Each artist made a ceramic bowl that reflected his or her own personal aesthetic and medium. Together, the ceramic bowls symbolized the importance of creating healing space.
The creation of healing space is a core element of Smith Center’s mission and my intention as a Smith Center artist-in-residence at Walter Reed National Military Medical Center. Click here to learn more about the exhibition. If you are in the D.C. area on June 7, plan to attend the artists’ closing reception at 7:00 p.m.
Since it’s Creativity Thursday, I thought I would share my news about speaking at the Second National Summit: Arts, Health and Well-Being Across the Military Continuum on April 10, at the Walter Reed National Military Medical Center. I will serve as a panelist for the Discussion 2: Re-entry/Reintegration Military Treatment Facilities. My co-panelists are Linda O’Neil, a Smith Center artist, and Tara Tappert, Exhibitions Coordinator at Combat Paper Project and archives and American arts consultant. Ermyn F. King, Creative Arts Program Coordinator at Walter Reed, will serve as a the moderator. During the discussion, I will share my experience of working with wounded warriors, military personnel, and hospital staff as an artist-in-residence for Smith Center for Healing and the Arts.
Every person is born with a spark of creativity that can awaken them to an amazing life. Throughout my life’s journey, I have witnessed my spark of creativity expand through the nurturing support of other artists. Today, I am remembering Tasko Bey, an amazing master artist I met while working as an artist-in-residence for Smith Center for Healing and the Arts at Howard University Hospital. When I met Tasko, he was a patient living with cancer and a graduate student in Howard University’s Master of Fine Arts program. Prior to attending Howard, his work was exhibited at the Corcoran Gallery of Art. Our first expressive arts sessions turned into a mini workshop where he served as a teacher and coach. He even gave me homework. For the next two years, he utilized our sessions as teaching moments. In 2005, he urged me to pick up a pencil and draw and use a paint brush to paint my first series of paintings. He showed me how to tap into my intuition for creative guidance and encouraged me to experiment with watercolor, gouache, and acrylic painting.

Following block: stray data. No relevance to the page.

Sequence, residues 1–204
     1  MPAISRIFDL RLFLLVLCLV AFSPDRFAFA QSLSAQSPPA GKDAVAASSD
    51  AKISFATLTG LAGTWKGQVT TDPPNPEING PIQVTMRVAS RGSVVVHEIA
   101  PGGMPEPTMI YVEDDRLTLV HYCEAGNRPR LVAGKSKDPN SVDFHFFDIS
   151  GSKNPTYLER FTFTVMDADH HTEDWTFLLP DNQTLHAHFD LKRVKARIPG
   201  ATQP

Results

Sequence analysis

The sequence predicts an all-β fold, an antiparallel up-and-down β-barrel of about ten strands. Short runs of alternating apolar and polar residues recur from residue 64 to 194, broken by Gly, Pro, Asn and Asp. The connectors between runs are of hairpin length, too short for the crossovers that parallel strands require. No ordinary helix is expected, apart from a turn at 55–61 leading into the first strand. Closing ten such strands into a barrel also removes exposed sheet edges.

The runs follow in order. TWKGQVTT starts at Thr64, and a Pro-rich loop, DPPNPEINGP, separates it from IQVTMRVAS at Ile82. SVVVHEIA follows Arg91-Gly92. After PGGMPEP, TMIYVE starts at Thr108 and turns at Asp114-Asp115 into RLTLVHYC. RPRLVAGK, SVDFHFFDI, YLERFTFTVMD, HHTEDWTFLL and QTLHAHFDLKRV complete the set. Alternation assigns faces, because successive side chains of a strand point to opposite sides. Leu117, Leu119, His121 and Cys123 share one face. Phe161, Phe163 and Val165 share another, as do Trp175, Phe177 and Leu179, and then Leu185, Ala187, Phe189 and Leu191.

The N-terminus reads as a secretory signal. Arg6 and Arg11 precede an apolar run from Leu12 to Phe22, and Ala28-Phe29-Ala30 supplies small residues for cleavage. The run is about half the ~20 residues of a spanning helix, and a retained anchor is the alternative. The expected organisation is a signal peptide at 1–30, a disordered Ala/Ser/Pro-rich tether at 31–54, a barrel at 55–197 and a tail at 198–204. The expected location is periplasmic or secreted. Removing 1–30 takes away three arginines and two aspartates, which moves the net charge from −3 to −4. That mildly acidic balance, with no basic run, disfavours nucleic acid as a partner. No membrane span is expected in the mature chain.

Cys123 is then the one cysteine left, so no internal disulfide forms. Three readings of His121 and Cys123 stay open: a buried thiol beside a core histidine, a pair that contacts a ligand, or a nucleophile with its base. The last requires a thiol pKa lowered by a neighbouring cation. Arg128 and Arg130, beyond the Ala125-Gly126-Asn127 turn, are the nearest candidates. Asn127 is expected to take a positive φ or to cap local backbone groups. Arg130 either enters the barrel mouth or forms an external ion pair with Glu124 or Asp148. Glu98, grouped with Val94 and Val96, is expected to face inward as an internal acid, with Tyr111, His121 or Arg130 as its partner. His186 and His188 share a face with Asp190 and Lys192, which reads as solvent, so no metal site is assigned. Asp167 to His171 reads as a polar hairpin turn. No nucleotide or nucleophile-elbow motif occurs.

I fell in love with acrylic paints. As a result, I created a series of paintings that I later used to illustrate my book covers for Love’s Troubadours – Karma: Book One and That Which Awakens Me: A Creative Woman’s Poetical Memoir of Self-Discovery. One of my favorite paintings from this series is “That Which Awakens Me: Kreative Grooviness.” See photo above. It hangs in my sunny yellow kitchen and reminds me of Tasko and his passionate love of art. Click here to watch a video about the painting (starts with an introduction to another painting and some of my collages) and my art studio. Enjoy!
Do you draw or paint?
Who or what inspired you to begin drawing or painting?
Today, I am celebrating the amazing wounded warriors, military families, and hospital staff I get to work with as an artist-in-residence for Smith Center for Healing and the Arts each week at Walter Reed Military Medical Center in Bethesda, Maryland.
I’ve been working as a Smith Center artist since 2002. My work at Walter Reed began in 2010. Since then, I have grown to deeply appreciate the many sacrifices our military women, men, and families make on behalf of the United States of America. I have also been able to witness the fantastic creative expressions of military women, men, and their families. What a blessing!
Click here to see photos from my Walter Reed experiences. Enjoy!